Correlates of perceived difficulty in potentially disclosing HIV-positive test results: a study of low-income women attending an urban clinic.Sex Health. 2005; 2(2):103-7.SH
The study identified correlates of women's perception that testing positive for HIV would be very difficult to communicate to friends, family members and sex partners. We also determined whether perceived disclosure difficulty was associated with HIV-testing intent.
Face-to-face interviews were conducted with 143 women attending an urgent care centre in Atlanta, Georgia. The centre served primarily low-income or indigent African-American women. A three-item scale (alpha = 0.81) assessed disclosure difficulty. Assessed correlates included selected social/contextual factors and intrapersonal factors.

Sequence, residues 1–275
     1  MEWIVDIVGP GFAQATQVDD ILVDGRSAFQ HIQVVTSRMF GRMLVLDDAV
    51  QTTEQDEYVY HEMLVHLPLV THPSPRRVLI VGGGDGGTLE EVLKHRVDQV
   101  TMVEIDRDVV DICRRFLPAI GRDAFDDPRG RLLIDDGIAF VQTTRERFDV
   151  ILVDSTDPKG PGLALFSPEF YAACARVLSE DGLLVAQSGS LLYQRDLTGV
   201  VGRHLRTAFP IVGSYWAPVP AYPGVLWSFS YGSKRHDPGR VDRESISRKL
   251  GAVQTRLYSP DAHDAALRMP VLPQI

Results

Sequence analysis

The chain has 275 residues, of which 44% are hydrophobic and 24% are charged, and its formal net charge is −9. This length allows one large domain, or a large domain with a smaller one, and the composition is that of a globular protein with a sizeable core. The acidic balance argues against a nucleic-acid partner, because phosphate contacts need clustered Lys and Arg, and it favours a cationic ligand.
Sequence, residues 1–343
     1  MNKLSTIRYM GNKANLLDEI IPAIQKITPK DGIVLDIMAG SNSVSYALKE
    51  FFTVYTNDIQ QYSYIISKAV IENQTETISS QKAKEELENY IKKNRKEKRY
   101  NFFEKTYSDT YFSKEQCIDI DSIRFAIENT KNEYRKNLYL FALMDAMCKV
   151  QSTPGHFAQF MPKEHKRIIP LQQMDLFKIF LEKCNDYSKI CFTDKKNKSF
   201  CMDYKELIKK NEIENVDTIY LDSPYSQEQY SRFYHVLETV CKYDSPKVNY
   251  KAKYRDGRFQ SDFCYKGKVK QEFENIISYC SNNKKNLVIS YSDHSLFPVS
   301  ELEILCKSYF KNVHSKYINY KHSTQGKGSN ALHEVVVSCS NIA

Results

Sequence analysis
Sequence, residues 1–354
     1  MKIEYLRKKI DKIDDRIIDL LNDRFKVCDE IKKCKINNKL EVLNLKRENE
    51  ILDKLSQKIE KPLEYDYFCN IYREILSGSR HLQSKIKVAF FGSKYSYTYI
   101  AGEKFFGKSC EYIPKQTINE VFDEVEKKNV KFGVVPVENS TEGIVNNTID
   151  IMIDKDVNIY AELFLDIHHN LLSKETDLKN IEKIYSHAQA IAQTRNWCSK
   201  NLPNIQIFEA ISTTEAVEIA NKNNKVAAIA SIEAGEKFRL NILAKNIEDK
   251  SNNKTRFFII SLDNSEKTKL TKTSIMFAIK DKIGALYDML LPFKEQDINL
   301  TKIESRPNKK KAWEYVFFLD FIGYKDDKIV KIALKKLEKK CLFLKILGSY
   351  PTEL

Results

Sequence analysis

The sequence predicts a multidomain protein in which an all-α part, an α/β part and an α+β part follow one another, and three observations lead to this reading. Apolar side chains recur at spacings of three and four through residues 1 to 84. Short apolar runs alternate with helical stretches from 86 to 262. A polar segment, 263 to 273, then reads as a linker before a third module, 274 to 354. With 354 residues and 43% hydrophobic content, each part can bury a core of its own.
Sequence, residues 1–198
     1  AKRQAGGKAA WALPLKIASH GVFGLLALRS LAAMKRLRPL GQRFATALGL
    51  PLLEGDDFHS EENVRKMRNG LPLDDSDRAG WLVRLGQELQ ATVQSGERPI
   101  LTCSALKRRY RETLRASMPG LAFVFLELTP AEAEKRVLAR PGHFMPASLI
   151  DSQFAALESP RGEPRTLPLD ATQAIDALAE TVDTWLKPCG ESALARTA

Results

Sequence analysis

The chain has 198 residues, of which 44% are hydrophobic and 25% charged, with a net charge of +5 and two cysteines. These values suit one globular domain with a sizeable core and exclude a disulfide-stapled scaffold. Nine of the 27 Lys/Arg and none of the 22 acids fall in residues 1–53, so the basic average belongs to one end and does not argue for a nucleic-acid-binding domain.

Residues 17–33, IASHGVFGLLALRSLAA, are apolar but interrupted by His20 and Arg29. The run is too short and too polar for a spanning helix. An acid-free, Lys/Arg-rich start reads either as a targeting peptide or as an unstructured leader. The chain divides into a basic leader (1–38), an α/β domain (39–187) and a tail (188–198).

In controlled multivariate analyses, only the social/contextual factors were associated with HIV disclosure difficulty. Women perceiving an inability to cope with positive results were more likely to report high disclosure difficulty (P = 0.01). Women perceiving an inadequate support system and those believing that HIV would substantially complicate their lives were more likely to anticipate high disclosure difficulty (P = 0.006 and P = 0.03, respectively). Disclosure difficulty was not associated with intent for HIV-testing 'today' (P = 0.50) or within the next 12 months (P = 0.27).
Findings provide initial evidence suggesting that selected social/contextual factors rather than intrapersonal factors are associated with anticipated disclosure difficulty of HIV-positive test results among low-income minority women, residing in the urban south. High levels of anticipated disclosure difficulty may not preclude HIV test acceptance.